I suspect that I am not the only person in this sanctuary who finds it problematic to imagine God as a stern-faced older man sitting on a throne issuing commands to his subjects. In the same manner, a righteous judge leaning over the bench handing down rulings or a kind shepherd leading a lamb back to its flock. With the contemporary picture of the universe that is in my mind, those metaphors simply do not work. They limit my understanding of God rather than expanding it.
Now, I would love to be able to say that I have landed on the perfect metaphor, but I cannot. And while I find that somewhat frustrating, I also know that it is the only way it can be. If God is much greater than any person can comprehend, then every metaphor will fall short. And that's why I think we should follow the Bible's lead and use multiple images for God.
For me, one of the most helpful metaphors for God is the wind. The Scriptures often speak of the Spirit of God, and the Hebrew word "ruach" means both spirit and wind. The second verse of the Bible says that "When God began to create the heavens and the earth...the spirit of God" or "the wind of God swept over the face of the waters."
Wind is a helpful metaphor because it is not tied to one place like a physical being. When we imagine a king, a judge or a shepherd, we imagine a being that can be in one place at a time, but the wind can be everywhere. The wind swirls around us, touching everything in its path. Like God, we cannot see the wind, but we can see and feel the effects of it. When we are in harmony with God, God is like a tailwind pushing us down the path. And when we are in opposition to God, God is like a fierce headwind that we are fighting against.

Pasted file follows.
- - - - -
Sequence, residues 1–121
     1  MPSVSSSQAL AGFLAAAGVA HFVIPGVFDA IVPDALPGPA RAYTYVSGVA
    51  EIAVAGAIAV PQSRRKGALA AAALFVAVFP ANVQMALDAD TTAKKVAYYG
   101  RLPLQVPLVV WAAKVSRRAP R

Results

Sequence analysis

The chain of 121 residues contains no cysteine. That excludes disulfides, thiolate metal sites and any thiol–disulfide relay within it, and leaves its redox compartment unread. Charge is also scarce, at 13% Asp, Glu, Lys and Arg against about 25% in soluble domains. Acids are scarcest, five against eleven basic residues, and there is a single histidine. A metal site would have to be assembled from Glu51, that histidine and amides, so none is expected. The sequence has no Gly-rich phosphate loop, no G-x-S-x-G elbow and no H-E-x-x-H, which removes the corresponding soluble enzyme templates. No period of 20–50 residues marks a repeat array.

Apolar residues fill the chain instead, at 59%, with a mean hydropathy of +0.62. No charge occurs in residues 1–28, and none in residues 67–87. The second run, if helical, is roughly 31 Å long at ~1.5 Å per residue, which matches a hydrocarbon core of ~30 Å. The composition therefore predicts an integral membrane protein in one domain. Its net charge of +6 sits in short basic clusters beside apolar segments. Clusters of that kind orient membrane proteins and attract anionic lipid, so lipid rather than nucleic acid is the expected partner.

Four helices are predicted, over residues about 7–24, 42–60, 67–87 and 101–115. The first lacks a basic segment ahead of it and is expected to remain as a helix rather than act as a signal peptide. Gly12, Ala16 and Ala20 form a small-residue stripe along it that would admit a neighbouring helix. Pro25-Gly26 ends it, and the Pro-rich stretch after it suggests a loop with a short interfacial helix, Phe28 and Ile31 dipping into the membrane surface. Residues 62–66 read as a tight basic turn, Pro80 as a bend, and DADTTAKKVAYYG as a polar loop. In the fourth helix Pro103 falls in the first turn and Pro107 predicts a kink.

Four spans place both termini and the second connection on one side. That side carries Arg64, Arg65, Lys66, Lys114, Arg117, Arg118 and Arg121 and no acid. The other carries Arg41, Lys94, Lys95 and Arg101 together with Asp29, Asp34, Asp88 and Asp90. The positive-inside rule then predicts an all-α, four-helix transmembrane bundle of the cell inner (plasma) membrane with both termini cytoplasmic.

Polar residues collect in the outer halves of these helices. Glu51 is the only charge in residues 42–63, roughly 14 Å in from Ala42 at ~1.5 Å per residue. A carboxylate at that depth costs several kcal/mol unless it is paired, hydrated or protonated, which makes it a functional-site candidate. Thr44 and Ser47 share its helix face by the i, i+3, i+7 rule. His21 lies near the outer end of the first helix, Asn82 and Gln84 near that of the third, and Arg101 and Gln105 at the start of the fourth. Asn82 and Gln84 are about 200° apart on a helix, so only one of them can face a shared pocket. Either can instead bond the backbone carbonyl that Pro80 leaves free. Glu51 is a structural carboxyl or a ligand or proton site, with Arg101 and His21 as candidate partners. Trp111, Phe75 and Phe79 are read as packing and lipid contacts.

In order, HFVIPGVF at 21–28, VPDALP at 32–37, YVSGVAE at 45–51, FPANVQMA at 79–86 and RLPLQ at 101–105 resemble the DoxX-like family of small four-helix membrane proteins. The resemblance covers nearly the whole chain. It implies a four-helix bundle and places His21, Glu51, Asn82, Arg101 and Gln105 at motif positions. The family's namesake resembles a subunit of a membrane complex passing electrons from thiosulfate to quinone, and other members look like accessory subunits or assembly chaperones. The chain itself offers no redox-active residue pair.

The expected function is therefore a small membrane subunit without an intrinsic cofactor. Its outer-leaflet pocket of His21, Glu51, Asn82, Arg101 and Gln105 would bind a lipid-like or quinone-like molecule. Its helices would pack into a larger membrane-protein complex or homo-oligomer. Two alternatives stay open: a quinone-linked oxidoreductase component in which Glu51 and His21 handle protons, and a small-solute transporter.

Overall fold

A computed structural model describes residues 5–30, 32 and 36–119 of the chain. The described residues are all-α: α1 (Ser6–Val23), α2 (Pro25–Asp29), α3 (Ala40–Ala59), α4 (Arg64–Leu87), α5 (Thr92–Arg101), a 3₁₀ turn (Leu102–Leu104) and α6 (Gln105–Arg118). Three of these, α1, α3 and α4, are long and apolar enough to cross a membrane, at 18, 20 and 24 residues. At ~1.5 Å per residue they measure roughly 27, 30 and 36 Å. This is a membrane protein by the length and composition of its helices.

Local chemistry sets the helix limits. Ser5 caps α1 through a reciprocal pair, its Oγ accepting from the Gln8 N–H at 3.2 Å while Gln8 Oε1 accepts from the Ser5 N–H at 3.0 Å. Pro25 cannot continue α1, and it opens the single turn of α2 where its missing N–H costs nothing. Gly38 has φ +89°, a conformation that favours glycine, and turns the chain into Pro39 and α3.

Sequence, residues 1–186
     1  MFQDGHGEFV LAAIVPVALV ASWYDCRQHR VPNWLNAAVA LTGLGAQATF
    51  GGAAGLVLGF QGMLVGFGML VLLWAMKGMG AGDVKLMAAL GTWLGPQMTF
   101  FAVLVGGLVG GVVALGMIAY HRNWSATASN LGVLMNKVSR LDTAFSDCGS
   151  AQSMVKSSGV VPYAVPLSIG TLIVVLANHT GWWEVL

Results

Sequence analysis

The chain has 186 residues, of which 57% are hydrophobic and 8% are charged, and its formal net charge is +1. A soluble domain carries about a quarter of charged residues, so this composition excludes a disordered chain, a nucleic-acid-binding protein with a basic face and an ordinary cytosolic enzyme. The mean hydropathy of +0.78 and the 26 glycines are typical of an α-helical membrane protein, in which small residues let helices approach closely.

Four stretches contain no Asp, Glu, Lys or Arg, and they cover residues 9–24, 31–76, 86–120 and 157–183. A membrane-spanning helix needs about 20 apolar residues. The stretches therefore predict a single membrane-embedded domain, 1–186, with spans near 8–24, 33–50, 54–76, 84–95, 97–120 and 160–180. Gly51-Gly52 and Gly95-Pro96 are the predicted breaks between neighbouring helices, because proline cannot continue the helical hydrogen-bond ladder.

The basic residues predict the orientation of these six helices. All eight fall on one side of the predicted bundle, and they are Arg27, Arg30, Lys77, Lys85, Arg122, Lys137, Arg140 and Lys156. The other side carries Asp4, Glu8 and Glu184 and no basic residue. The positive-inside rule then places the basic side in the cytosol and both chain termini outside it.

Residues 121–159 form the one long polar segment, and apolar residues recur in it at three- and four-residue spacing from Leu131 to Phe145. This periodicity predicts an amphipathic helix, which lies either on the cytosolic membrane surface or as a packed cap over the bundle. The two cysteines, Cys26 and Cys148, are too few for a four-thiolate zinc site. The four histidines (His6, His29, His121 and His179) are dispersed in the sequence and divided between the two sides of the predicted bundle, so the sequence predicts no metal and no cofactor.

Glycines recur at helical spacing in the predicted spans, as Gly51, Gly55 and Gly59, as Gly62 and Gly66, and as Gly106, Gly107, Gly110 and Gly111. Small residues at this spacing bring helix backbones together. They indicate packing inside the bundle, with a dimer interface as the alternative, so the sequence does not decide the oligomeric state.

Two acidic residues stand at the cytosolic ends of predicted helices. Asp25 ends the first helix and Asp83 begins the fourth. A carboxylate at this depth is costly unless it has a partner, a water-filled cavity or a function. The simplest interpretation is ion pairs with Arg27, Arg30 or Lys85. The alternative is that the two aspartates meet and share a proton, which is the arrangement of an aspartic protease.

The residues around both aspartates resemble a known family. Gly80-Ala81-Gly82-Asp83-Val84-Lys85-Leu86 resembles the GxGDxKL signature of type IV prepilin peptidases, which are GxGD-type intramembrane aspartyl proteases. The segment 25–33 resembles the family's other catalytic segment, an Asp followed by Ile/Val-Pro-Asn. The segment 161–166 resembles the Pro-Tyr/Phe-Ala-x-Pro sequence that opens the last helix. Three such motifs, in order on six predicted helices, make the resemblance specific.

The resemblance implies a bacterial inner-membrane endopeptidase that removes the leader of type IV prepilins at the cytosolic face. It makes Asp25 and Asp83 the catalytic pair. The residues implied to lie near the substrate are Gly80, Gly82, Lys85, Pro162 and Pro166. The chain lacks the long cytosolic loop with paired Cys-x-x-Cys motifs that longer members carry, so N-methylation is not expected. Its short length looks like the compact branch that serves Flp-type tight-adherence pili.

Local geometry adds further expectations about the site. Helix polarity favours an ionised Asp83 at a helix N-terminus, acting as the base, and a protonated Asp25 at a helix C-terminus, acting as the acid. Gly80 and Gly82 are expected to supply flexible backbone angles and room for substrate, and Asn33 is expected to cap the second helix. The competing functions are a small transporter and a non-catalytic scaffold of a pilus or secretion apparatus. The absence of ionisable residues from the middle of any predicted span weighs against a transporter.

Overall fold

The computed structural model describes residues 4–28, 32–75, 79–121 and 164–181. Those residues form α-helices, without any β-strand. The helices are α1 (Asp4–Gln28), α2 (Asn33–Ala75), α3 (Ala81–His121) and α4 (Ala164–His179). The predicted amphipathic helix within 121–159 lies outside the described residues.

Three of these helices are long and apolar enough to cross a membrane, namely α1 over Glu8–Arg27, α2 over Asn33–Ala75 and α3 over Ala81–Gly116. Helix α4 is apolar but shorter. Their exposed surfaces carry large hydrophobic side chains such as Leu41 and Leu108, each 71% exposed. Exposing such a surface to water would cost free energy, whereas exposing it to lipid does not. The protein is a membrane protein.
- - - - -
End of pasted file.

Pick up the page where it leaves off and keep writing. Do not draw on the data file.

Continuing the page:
The notion that God is something like a wind that blows throughout the cosmos is far from ideal, but it does provide a way of imagining God as surrounding us at all times and existing throughout the cosmos like a pervasive presence. In addition, it encourages a dynamic understanding of God rather than a static one. It pushes me to consider God's ongoing activity in my life today, rather than a wooden portrait that seems frozen in the past.
I'm still struggling with this, but I have found that it helps to use multiple images. Sometimes when I pray, I imagine a bright light. It's warm, but like the wind, it's still impersonal. So sometimes I picture loving arms on my shoulders.
When I pray for others, I picture the people for whom I'm praying. And if the person needs healing or comfort, I picture God as a warm glow surrounding them.
During the weeks of Lent, I encourage you to experiment with a variety of different metaphors that will expand and enrich your image of God. Experiment with lively images that not only comfort you, but also challenge you to broaden your understanding and help you to see God from new angles.
The writer of today's Psalm provides us with helpful guidelines. He reminds us that God is always more than we can imagine, thus every metaphor is partial and limited. The psalmist reminds us that God is everywhere, and therefore God is always with us and will never abandon us. He reminds us that God is personal. Thus, God does not simply love all of us in general, but each one of us as the unique person we are. And finally, God's knowledge of each of us is all-encompassing, and therefore, our loving Creator can help us better understand ourselves and the life we should lead.
During this Lent, I'm issuing a prayer challenge: Experiment with fresh and provocative images of God, you may find that it injects you with a spiritual spurt of growth.
1. Marjorie Suchocki, In God=s Presence, (St. Louis: Chalice Press, 1996), p.5.